The Children of Israel are free at last! Leaving the labour camps and ghettoes of Egypt behind them, they march triumphantly into the desert. It seems like they have the whole world at their feet as they advance to their destiny in the Promised Land.

From the sedra’s opening lines, it’s clear this will not be plain sailing. Rather than take the most direct route, they are told to journey through the desert to avoid conflict with the neighbouring Philistines which could result in their reconsidering their new-found freedom and taking a U-turn back to Egypt.

This apparent regret of their new-found freedom is repeated. Almost every time they encounter a challenge, whether being hemmed in at the Red Sea or running out of food, the refrain is the same: ‘Are there no graves in Egypt that you have taken us out to die in the wilderness… It is better for us to serve the Egyptians than to die in the wilderness.’ (Shemot 14:11-12).

Rabbi Samson Raphael Hirsch points out that last week’s sedra deals with the theoretical and ideal aspects of freedom; this week’s deals with the reality people faced. Put succinctly, freedom doesn’t come for free, it has to be earned. The Chasidic masters note the Torah mentions the exodus from Egypt 50 times, as if to tell us that attaining true freedom is gradual.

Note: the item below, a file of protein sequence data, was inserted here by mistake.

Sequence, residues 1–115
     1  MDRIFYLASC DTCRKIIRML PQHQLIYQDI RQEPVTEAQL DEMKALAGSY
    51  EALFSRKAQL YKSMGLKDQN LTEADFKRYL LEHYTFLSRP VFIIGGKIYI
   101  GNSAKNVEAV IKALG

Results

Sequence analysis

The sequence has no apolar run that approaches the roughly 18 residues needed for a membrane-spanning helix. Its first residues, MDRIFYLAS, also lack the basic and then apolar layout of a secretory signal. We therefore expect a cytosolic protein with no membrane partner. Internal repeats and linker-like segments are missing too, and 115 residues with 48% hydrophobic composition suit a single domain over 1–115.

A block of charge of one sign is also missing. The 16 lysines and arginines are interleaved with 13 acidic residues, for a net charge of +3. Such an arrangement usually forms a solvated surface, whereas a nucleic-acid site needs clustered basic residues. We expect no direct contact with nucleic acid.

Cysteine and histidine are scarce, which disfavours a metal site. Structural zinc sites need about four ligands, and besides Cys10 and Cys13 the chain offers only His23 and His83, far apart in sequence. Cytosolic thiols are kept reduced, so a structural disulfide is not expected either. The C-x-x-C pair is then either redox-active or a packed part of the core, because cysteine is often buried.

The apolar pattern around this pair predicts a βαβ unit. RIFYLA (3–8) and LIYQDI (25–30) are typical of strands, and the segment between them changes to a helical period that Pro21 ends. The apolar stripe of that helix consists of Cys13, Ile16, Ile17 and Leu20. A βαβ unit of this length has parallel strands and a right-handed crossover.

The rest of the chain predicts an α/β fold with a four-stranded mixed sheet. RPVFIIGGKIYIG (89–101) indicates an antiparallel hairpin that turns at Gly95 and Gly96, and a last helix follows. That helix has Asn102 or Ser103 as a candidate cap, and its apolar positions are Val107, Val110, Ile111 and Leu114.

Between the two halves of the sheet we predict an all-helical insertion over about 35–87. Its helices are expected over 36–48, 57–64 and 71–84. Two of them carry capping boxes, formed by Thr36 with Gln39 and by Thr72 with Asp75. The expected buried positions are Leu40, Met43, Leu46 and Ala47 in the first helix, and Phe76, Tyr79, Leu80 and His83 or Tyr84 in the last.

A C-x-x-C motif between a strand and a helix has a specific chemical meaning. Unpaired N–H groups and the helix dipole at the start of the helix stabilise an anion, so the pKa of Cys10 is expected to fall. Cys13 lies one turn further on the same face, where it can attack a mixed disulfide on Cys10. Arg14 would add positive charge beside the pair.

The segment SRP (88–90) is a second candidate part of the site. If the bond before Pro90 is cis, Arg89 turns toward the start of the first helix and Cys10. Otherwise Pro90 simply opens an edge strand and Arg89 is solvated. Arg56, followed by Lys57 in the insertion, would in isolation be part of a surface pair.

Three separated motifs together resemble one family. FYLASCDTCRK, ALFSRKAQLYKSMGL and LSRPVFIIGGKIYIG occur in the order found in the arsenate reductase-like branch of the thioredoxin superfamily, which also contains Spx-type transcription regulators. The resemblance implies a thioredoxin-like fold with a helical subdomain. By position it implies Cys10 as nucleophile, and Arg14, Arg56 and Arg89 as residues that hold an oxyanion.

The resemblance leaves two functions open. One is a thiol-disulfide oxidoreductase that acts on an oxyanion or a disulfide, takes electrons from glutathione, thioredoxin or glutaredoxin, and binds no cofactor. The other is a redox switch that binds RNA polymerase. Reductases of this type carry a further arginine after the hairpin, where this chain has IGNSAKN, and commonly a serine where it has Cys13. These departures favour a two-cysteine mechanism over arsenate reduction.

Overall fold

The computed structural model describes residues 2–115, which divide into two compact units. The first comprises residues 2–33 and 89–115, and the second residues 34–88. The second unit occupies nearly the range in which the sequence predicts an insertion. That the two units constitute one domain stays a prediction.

The Hebrew for the Egypt exodus, yetziat mitzrayim, means ‘the taking out of Egypt’. To be free, they need to be liberated from the slave mentality. As much as the Israelites need to leave Egypt, they need Egypt to leave them. That takes time.

Rabbi Jonny Roodyn is educational director of Jewish Futures Trust @rjroodyn